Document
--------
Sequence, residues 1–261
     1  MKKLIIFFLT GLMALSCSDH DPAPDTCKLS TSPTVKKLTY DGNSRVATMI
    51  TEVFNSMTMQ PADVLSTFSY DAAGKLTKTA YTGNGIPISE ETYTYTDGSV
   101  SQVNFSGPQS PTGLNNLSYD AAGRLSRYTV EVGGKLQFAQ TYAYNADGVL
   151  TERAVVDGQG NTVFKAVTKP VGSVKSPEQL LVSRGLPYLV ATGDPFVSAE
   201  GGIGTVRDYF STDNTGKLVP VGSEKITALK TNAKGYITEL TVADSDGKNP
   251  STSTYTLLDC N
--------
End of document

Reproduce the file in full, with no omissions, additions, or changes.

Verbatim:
Sequence, residues 1–261
     1  MKKLIIFFLT GLMALSCSDH DPAPDTCKLS TSPTVKKLTY DGNSRVATMI
    51  TEVFNSMTMQ PADVLSTFSY DAAGKLTKTA YTGNGIPISE ETYTYTDGSV
   101  SQVNFSGPQS PTGLNNLSYD AAGRLSRYTV EVGGKLQFAQ TYAYNADGVL
   151  TERAVVDGQG NTVFKAVTKP VGSVKSPEQL LVSRGLPYLV ATGDPFVSAE
   201  GGIGTVRDYF STDNTGKLVP VGSEKITALK TNAKGYITEL TVADSDGKNP
   251  STSTYTLLDC N